D.B.: Good old Yuval. Trans-Humanism, when you boil the thing down to its essentials, comes to pretty much the injunction to make the best of a bad deal. The deal is bad in virtue of the way it ends, all the more reason, they suppose, to make sure that it does not end at all. Thus their enthusiasm for storing their heads in vats after the rest of their body has called it quits, and hoping for the best. It seems horrible enough to me. Imagine being stuck in a vat containing the disembodied heads of the Wuhan laboratory technicians, all of them coughing vigorously. I have much the same opinion of the belief, still current in Silicon Valley, that sooner or later we will be able to upload our consciousness onto a computer. Better than a vat, I suppose. I am sure to find myself trapped in the iPhone of a teenager named Tiffney – punishment in the next life for my sins of contempt in this one. No doubt, I will be accused of sexual harassment the moment that Tiffney learns properly to spell the word. One r, two s’s Tiffney. And, hey, go easy on those emojis. I’m trying to get some rest in here.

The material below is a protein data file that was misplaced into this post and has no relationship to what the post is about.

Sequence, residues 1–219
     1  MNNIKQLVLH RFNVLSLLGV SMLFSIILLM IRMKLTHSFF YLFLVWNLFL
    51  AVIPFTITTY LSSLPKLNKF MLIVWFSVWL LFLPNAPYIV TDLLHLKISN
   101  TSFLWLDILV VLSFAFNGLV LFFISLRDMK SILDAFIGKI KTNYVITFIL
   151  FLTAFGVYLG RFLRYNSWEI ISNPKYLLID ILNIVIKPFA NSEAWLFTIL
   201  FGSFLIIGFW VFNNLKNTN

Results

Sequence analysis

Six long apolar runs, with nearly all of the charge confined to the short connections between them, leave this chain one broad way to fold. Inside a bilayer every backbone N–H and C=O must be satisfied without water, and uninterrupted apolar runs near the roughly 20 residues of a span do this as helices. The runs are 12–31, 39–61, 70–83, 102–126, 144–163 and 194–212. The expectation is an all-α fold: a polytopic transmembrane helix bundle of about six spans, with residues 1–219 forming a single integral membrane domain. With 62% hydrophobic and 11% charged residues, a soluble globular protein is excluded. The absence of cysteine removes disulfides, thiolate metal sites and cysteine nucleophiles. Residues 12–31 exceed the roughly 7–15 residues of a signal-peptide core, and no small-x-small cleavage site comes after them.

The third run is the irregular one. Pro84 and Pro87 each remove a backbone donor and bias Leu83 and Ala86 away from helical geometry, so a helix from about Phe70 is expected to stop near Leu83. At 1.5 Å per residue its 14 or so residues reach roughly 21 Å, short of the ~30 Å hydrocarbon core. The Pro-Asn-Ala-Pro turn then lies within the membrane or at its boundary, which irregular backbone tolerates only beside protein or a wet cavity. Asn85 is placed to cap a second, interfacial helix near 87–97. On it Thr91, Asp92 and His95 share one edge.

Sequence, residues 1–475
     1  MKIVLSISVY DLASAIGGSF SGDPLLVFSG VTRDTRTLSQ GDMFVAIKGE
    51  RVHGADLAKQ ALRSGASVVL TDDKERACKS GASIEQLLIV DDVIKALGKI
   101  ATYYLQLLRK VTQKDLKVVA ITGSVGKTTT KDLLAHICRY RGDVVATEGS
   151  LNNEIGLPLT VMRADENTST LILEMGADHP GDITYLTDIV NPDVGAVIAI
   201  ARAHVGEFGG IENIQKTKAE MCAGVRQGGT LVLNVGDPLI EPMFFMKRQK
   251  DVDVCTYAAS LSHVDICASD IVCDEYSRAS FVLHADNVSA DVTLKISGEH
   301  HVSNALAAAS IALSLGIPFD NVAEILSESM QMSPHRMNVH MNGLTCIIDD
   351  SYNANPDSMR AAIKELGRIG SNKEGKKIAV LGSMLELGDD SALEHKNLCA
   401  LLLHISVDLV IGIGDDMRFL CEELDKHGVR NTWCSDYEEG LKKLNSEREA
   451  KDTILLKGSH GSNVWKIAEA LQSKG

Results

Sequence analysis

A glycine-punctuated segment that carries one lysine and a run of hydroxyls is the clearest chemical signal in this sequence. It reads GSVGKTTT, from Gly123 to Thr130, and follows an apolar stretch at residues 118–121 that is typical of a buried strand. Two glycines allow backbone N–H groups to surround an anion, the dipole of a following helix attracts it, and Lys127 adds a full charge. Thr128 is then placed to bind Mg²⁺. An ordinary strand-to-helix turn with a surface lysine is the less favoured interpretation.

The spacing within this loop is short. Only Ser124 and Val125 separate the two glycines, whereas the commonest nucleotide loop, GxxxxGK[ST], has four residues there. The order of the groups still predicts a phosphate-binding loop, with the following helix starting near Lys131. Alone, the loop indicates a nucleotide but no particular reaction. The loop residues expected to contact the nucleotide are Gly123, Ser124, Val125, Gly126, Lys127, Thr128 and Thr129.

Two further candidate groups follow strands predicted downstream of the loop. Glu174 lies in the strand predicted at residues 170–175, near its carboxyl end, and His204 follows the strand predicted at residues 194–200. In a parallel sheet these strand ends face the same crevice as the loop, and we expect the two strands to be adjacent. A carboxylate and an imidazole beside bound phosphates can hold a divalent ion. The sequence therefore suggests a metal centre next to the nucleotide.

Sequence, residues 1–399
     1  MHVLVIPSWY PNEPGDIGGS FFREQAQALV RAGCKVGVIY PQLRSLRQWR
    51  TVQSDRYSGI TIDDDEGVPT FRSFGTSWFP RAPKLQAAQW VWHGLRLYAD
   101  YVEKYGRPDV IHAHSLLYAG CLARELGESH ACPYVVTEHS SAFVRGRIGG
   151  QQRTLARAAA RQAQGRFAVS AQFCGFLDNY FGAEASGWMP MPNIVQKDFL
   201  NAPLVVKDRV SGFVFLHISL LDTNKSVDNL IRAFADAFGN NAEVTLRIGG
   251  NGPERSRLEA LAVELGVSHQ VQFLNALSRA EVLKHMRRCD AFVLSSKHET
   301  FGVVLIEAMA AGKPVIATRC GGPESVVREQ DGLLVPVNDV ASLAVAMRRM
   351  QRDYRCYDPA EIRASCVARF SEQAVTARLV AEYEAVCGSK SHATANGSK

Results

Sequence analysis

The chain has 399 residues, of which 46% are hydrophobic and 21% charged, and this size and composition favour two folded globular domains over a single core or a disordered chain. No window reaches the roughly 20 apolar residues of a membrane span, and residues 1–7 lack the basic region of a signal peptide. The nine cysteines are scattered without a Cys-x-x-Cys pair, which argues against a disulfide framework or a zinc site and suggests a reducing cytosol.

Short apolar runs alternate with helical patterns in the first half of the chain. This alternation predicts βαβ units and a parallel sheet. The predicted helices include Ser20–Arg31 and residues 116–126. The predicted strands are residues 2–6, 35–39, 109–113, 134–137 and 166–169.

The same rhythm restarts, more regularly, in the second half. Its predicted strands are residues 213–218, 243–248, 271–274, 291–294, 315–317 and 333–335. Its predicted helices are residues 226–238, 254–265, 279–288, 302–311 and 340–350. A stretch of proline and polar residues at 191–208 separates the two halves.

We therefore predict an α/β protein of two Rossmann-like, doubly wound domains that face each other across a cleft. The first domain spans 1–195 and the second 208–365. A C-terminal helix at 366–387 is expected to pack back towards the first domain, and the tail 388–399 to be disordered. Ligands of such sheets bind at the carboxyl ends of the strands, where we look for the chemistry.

N.M.: Harari’s ideas have been promulgated alongside advancements in artificial intelligence and machine learning, which have engendered concerns as to how machines are to be instilled with ethical values. Are anxieties about the potential dangers of such advancements warranted?

D.B.: The idea of instilling a machine with ethical values is absurd. It is like trying to teach a donut to whistle. The hole is big enough, it is motivating the donut that is difficult.

N.M.: Although irreligiosity and atheism continue to rise, there nonetheless seems to be a natural thirst for the transcendental within many people; a sense that there must be something greater to existence than the material. Would you agree that this is the case?